Cookies: past, present and future

In May 2020 the European Data Protection Board modified the 05/2020 Guidelines on consent and made two very significant clarifications: the option to "continue browsing" does not imply acceptance of cookies and "cookie walls", i.e. the impossibility of accessing a service if you do not accept cookies, should not be conditional.

In July 2020, the Spanish Data Protection Agency published a Guidelines on the use of cookies in which he explains how web pages should be adapted to the new regulations.

The deadline for implementing these changes on the websites was October 31, 2020. Will they have adapted?

Where do we stand now?

Many websites, if not the vast majority, have not adapted to the new regulations and run the risk of being fined or receiving some kind of sanction. Other websites, those that have tried to modify their cookies, have encountered a problem: they have lost a large amount of data. For the sake of redundancy, Kantar states in its Kantar Media Reactions study that as few as "40% state that their companies are preparing for this" although it does note an increase of 35% compared to 2019.

At this platform you can enter your URL or the URL of the website of your choice and check if it complies with the new regulations. You will be surprised.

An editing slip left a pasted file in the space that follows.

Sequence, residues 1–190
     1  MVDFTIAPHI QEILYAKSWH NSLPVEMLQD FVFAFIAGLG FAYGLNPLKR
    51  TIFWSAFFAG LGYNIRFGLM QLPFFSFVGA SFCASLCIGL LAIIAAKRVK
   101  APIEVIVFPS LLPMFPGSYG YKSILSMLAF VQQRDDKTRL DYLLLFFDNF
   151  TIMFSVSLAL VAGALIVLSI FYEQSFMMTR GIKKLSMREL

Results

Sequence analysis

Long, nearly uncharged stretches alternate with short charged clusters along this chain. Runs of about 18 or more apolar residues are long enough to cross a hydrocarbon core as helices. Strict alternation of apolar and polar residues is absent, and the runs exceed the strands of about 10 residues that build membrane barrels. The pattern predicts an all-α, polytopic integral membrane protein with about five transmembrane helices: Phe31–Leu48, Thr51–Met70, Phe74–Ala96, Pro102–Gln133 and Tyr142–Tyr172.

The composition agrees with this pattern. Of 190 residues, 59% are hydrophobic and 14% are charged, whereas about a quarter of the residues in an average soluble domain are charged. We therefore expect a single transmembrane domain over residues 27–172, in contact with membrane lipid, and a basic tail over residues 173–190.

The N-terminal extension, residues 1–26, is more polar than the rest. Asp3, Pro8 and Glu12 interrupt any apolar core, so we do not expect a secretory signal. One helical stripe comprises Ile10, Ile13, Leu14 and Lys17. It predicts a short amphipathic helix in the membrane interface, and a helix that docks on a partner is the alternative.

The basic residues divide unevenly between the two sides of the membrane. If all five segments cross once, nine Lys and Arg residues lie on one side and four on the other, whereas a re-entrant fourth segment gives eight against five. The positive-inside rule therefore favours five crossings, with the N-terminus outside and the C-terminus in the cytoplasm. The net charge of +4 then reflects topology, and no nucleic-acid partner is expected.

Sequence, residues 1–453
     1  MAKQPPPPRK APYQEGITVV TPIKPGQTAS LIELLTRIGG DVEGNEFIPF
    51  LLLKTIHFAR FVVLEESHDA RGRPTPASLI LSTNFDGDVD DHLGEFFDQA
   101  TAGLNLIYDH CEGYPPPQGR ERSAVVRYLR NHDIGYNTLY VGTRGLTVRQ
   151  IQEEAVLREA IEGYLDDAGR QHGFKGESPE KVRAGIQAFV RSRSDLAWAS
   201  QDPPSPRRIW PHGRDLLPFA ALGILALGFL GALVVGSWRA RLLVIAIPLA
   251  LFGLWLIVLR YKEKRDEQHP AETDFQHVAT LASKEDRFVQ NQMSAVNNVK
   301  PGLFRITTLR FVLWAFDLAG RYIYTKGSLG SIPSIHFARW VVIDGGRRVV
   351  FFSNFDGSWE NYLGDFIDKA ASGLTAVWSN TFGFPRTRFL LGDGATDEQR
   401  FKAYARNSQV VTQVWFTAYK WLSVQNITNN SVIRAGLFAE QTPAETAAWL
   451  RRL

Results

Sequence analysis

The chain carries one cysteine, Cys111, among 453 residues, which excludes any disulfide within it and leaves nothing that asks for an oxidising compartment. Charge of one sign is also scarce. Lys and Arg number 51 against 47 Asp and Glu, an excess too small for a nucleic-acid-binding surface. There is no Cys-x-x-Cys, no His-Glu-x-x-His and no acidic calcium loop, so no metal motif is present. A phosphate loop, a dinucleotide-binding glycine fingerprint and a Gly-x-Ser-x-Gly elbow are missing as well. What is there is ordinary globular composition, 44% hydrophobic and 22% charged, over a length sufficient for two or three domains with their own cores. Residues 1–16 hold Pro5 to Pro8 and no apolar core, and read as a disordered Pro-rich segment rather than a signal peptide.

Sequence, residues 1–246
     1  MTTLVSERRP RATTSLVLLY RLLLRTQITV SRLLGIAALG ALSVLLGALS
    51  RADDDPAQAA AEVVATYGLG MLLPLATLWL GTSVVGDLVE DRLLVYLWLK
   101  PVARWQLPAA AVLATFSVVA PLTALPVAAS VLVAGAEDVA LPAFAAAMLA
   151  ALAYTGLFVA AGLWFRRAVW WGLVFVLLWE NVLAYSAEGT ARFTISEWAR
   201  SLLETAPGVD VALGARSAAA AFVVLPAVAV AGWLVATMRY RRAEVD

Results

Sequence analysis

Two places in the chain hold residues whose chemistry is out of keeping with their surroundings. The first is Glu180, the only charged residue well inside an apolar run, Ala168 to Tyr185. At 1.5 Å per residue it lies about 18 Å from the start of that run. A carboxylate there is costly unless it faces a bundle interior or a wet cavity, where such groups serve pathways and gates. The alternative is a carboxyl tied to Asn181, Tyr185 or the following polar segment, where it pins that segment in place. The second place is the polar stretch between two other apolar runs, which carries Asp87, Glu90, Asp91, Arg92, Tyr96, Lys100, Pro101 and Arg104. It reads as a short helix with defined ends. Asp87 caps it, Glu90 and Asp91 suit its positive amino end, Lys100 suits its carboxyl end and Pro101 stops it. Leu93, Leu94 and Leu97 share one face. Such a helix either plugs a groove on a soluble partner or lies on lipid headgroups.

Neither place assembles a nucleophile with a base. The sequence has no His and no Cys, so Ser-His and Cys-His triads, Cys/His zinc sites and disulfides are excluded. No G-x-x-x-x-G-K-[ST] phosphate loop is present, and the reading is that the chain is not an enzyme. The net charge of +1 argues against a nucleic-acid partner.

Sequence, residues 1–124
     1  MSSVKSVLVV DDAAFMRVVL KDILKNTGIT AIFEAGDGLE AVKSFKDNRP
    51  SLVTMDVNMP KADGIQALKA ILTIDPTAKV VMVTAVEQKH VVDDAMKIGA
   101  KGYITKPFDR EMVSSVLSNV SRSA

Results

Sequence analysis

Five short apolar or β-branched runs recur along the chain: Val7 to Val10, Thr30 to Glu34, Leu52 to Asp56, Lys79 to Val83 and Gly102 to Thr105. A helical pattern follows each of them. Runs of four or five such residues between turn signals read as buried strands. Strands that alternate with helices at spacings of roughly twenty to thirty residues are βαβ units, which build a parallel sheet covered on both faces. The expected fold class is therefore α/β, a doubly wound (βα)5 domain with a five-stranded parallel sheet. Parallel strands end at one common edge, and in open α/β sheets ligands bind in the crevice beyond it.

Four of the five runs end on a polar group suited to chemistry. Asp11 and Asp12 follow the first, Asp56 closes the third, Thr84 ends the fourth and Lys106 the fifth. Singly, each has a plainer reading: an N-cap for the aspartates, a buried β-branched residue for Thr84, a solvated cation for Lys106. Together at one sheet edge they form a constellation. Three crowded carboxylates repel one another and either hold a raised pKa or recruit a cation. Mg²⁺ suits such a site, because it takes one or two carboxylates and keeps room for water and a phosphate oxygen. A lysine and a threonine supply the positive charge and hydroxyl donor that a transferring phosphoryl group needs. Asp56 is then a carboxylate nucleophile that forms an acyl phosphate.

What are the search engines doing?

Google has already taken a position on the matter and its intention, a priori, is to focus on user privacy. According to Think With Google in this articleIn the year 2020, searches for the term "online privacy" increased by more than 50 % worldwide compared to the previous year". No wonder, then, that Google wants to do something about it.

His proposal is to bring users together in large affinity groups, eliminating the individual profile. How? By means of the FLoC technology (Federated Learning of Cohorts). As explained in the official Google blogFLoC's evidence for reaching audiences in-market and affinity tests have shown that advertisers can expect a conversion per dollar spent equivalent to 95 % of what they get right now with cookie-based advertising."

For its part, Firefox has announced full protection privacy protection for the user for the last update of your browser. This protection would consist of limiting to the pages the possibility of reading the cookies that we already have in our browser.

And before Chrome and Firefox, Safari blocked all third party cookies as early as March 2020, although the first to do so was the Tor browser.

Against this backdrop, what alternatives are left to fine-tune online advertising?

Artificial intelligence, proprietary databases, machine learning and anything else that comes to mind. For example, according to Xataka tells in this newsThe web page icon, known as a favicon, is being used to obtain information similar to that obtained from cookies. This icon has its own cache that can provide information about which pages are visited and when.

How do you think the use of cookies will evolve, is your ecommerce 100% compliant with the new regulation? Tell us about it!

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